Quote:
On Nov 15, 2014, landmark wrote:
Quote:
The usefulness of a skill is determined by the number of people that need it.

So as I said, since the number of people who need babysitters is millions of times more than the number of people who need criminal leech CEOs, Blankenfein should be crawling in an alley somewhere.




But how useful is that babysitter to those millions of people?? How much are they willing to pay?? Obviously, you can't pay a baby sitter $10 an hour to go to a $10 an hour job. And how useful is say Bill Gates to Microsoft?? How many trillions of dollars has gone through a Windows computers??

You just can't count how many people have a use for something, there is a question of how useful it is to them and what type of output it will yield in their life. I can make money with a computer so it is more useful to me than a babysitter or a baseball game, thus their economic output from me is a grand total of $0.



The law of supply and demand has been here since day one and has never changed. There are xx number of apples on a tree, and yy number of people to eat them. If the tree produces more apples than the people can eat, they die (the apples rot). If there are not enough apples to feed the people, they die (the people starve).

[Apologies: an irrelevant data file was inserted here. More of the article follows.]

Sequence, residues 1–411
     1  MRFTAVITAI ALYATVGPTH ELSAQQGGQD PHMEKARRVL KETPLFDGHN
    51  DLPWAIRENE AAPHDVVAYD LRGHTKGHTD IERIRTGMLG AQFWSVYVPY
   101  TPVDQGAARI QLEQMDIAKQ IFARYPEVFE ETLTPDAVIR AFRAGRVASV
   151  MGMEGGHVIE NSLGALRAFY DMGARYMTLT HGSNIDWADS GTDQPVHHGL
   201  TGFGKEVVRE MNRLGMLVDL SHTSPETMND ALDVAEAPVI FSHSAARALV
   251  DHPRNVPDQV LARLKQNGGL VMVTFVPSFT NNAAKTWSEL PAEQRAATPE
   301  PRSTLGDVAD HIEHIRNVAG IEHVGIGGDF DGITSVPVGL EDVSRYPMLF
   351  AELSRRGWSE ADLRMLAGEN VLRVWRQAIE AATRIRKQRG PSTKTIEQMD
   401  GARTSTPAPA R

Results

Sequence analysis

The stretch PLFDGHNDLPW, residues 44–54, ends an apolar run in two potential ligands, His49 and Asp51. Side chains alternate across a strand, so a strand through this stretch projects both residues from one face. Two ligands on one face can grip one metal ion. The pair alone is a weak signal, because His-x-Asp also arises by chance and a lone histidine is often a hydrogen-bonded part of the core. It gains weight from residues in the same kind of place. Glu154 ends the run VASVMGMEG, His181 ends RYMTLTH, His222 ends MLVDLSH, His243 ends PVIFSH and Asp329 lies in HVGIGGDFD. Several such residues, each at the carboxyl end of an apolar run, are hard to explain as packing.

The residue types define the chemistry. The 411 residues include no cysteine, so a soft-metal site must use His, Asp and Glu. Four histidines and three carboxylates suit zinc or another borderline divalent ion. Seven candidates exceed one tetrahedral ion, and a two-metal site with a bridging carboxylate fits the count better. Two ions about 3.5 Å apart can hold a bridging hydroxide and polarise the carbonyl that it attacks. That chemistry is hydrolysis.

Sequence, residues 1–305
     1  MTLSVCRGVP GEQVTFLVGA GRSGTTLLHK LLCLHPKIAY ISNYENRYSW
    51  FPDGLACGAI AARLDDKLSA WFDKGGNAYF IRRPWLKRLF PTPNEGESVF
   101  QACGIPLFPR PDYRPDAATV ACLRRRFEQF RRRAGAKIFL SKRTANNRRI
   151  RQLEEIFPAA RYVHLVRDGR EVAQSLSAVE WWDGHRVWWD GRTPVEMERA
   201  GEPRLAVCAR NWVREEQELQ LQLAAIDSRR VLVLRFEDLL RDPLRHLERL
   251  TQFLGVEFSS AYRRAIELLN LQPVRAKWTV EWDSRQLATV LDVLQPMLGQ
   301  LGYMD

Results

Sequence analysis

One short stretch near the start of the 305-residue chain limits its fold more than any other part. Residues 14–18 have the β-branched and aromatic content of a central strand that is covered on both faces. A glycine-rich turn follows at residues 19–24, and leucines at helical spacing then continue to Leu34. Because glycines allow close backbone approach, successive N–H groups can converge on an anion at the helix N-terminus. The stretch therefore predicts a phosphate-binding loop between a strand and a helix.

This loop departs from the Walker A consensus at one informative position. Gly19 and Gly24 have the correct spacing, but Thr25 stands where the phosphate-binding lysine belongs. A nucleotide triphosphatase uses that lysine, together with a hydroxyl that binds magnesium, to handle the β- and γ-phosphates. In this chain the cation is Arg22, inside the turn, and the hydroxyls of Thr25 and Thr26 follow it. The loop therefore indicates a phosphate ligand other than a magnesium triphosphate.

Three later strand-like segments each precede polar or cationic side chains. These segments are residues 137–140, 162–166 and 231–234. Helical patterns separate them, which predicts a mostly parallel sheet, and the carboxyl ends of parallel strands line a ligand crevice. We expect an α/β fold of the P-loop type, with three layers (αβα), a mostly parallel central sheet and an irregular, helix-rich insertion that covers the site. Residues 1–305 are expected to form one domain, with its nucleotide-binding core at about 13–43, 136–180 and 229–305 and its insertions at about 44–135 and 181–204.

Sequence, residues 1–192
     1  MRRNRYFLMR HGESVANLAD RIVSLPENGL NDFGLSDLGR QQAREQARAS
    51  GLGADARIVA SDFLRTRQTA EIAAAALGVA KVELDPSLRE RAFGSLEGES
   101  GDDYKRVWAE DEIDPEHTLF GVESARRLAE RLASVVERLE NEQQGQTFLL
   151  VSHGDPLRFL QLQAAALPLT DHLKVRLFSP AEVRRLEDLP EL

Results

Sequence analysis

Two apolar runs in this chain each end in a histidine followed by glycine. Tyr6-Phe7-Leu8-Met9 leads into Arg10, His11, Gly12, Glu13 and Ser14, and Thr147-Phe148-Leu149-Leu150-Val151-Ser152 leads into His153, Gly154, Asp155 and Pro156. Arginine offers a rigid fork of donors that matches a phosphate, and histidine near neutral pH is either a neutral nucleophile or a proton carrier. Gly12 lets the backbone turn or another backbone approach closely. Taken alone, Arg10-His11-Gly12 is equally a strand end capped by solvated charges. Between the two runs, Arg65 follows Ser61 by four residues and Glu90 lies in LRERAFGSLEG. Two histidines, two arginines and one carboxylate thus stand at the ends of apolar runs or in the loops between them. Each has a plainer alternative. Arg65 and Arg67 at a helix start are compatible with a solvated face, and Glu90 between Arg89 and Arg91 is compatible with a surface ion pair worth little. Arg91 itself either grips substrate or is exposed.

It does not matter what system you use to distribute the apples. You don't even need an economic system for it to happen, it is a built in part of nature.



-JoeJoe
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Jonathan Townsend
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JoeJoe, folks,
Check out Adam Smith on moral sentiments